Trump begins as a liberal Republican, arguably more liberal than any other Republican presidential candidate in recent memory. He repeatedly praises Planned Parenthood. He has donated significant money to liberal politicians – including Hillary Clinton.
He wants the government to run health care. He opposes entitlement reform. He supported the Obama stimulus spending plan, the auto bailout and the banks bailout. He opposes free trade agreements. Trump is much closer to the Democratic Party than the Republican. He is a man whose deepest creed is himself.
It continues with commentary on his character, which should be a primary concern of all real conservatives, and Christian conservatives in particular:
This pretend Republican has preyed on misunderstandings, ignorance, and sometimes violence and rank bigotry. He has been vulgar, coarse, demagogic, and cruel. He has mocked disabled people, lauded dictators, and insisted that military leaders would follow his lawless orders should he attain the Presidency. He has been slow to condemn racists – the very reason the Republican Party was founded. He has praised torture as a form of punishment and promised to extend retribution to the innocent.
But what about the Supreme Court? Even if everything else I’ve said about Trump is true, we can’t let that slip through our fingers, can we?
Some of our fellow conservatives have argued that the Supreme Court vacancy compels them to vote for Trump. We respect them and their reasoning, but we do not agree. We do not trust that Trump would appoint a good Justice or, if he does, would fight for a conservative jurist against an adversarial Senate.
The statement correctly notes that the Supreme Court is only one part of the government and that a Trump presidency would probably be just as disastrous to the whole concept of our government as a Hillary presidency:
Furthermore, we would be gambling on a good Supreme Court nomination at the price of constitutional integrity – and this coming from a Republican President leading a party that prides itself on originalist jurisprudence.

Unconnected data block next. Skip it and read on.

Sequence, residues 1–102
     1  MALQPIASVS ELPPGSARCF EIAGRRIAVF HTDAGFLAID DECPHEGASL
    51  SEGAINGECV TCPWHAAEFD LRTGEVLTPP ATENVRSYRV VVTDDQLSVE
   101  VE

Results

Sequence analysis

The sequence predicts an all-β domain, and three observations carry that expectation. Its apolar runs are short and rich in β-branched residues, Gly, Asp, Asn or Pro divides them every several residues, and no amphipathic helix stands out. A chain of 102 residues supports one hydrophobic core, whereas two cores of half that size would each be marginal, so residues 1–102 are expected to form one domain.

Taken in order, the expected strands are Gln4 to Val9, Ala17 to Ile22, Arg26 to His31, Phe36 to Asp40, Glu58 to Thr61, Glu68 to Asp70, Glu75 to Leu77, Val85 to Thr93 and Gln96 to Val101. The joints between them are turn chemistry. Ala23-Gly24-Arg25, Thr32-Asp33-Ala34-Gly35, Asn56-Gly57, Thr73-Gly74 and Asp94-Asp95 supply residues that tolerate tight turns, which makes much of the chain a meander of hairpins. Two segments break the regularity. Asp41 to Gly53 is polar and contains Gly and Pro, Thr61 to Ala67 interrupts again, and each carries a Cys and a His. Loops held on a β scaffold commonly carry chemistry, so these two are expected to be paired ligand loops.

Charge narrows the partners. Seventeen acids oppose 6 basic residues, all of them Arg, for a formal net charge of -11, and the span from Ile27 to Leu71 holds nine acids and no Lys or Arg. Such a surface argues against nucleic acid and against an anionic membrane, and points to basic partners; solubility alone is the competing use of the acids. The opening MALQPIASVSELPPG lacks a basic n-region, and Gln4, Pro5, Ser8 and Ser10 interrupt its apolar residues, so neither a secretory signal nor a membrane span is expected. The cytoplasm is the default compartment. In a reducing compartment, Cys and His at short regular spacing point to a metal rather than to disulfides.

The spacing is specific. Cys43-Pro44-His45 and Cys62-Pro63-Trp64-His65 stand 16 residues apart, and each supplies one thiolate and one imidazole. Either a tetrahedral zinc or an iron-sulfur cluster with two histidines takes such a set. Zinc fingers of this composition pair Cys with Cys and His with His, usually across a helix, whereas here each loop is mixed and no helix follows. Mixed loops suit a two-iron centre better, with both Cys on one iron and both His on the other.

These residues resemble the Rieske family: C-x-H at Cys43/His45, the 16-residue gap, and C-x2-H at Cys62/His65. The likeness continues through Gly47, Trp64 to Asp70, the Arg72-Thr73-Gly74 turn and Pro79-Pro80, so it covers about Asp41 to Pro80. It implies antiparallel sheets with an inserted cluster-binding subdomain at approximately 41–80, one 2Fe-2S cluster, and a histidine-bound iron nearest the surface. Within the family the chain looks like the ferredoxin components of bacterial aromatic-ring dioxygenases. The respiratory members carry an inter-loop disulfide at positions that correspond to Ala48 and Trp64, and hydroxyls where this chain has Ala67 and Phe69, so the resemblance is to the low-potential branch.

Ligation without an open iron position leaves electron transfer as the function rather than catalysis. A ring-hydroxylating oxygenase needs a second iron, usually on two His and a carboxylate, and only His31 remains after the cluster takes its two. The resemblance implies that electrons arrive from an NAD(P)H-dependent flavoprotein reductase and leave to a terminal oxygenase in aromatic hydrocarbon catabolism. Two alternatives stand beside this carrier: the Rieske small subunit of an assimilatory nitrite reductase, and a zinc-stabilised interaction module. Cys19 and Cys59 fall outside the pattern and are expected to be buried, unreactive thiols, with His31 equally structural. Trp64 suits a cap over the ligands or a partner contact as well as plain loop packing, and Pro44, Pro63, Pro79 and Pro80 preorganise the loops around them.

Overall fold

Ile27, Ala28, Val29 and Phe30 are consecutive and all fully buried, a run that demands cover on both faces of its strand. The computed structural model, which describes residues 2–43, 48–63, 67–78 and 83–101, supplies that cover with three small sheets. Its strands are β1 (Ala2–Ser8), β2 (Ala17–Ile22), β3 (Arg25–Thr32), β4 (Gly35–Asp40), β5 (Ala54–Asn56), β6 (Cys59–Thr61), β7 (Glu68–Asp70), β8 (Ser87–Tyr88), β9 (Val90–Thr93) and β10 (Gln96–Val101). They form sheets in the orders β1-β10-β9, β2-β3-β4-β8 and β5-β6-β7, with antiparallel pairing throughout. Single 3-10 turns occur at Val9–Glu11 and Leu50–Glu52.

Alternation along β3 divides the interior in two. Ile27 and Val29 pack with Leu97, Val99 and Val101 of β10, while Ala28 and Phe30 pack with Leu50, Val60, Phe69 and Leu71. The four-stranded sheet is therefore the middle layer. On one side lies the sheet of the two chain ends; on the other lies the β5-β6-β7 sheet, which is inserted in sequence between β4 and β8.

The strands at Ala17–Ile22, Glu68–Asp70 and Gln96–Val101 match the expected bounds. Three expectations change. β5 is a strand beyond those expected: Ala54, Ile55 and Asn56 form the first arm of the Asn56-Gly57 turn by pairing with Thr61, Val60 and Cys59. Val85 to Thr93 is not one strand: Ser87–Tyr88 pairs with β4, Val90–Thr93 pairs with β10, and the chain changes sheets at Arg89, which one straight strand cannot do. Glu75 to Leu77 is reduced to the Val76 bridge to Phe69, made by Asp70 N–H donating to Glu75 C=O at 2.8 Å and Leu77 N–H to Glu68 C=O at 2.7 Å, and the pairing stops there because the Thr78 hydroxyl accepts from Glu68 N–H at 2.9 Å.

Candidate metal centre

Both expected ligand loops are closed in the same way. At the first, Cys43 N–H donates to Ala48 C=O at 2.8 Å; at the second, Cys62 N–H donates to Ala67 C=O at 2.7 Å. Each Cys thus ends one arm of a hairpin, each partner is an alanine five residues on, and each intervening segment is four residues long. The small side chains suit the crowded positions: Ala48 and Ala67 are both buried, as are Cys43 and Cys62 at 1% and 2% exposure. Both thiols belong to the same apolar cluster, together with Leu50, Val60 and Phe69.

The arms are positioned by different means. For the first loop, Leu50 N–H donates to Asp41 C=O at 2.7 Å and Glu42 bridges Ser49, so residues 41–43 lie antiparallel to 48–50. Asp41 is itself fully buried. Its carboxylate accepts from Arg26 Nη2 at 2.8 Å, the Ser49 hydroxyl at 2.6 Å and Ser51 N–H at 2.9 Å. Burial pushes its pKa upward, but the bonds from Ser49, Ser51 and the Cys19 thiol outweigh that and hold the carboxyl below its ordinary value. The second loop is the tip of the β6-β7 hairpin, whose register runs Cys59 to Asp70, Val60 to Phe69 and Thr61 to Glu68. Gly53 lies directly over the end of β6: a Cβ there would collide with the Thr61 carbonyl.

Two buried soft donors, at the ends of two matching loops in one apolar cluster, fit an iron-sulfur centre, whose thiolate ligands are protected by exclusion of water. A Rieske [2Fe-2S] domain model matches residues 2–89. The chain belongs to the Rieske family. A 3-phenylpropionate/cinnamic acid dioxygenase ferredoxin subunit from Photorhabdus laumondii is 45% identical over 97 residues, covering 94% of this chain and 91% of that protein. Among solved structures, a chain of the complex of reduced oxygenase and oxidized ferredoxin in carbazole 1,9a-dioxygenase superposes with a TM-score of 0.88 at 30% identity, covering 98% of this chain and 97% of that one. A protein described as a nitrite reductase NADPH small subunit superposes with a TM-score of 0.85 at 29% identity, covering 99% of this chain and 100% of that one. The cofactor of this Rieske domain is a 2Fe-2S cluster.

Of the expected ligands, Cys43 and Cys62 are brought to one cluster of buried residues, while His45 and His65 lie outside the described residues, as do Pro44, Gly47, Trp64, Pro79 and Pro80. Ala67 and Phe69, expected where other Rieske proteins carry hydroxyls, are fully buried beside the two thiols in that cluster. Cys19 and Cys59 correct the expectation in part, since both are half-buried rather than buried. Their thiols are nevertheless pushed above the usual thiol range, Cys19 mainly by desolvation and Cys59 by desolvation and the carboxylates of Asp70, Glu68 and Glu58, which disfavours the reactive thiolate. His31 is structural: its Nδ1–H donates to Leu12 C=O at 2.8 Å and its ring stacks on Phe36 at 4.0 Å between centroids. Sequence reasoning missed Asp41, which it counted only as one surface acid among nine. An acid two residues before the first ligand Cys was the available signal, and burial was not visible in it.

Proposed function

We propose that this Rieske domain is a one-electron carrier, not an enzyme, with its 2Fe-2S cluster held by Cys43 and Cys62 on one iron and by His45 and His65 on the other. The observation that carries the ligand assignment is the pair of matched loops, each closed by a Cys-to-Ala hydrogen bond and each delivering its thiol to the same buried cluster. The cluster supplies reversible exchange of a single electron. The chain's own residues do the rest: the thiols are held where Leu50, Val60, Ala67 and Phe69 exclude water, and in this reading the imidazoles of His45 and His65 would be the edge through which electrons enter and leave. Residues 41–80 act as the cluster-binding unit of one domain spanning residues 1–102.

We do not trust Donald Trump to bow to the authority of the Constitution or the laws of Congress. He is running on a platform of strength and action, and our Constitution was formed to hobble not just quick lawmaking, but the very kind of strongman governance Trump embodies, despite the angry clamor from a justifiably frustrated electorate.
The antidote is not to seek a “strong man” who will force everything to go the way he perceives it should. Recall Trump’s words at the Republican convention when he said only he can solve the problems of the nation. Really? That’s been the attitude of a steady stream of dictators throughout history.
So what is the solution?
The antidote is to put forward leaders who will appeal to our reason and virtue, not our instincts and vices. We are committed to the principles of the Republican Party, not because they belong to the Party but because we believe they are right and just. We are conservatives before we are Republicans.
We believe that politics is about the art of the possible. We have often been in a position of supporting the lesser of two evils. But Donald Trump appeals not to our better angels but to our baser instincts.
The statement then ends with the following declarations:
We will not compromise core principle for the sake of Party allegiance.
We will not allow vulgarity to stand in the place of virtue.
We will not allow Trump to be the face of the nation to the world – not with our votes.
We will not sit by idly and allow conservatism to be hijacked by a man who shares none of the values of Reagan and Lincoln.
We will support conservative candidates down-ballot.
We will vote our conscience because we believe such a vote is our right and duty as citizens and is never wasted — whether that be voting for another conservative candidate or a write-in.
We will continue to speak out on issues important for our nation. We will seek to impact the newest generation of voters and educating them on the Constitution, the role of faith, family, and freedom as the basis of limited government.
I am in agreement with every one of those declarations. I appeal to all of you—friends, colleagues, and former students—please rethink your support of a man who is just as much a threat to our government and our culture as the horrible candidate put forth by the Democrats.
It’s time to see Donald Trump for what he really is, not for what you hope he will be.
The opinions expressed by columnists are their own and do not necessarily represent the views of Barb Wire.